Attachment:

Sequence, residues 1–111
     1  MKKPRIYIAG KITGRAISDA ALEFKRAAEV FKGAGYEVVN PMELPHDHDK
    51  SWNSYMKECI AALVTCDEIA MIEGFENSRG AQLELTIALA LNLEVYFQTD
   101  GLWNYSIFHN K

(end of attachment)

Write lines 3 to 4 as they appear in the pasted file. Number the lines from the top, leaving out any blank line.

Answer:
    51  SWNSYMKECI AALVTCDEIA MIEGFENSRG AQLELTIALA LNLEVYFQTD
   101  GLWNYSIFHN K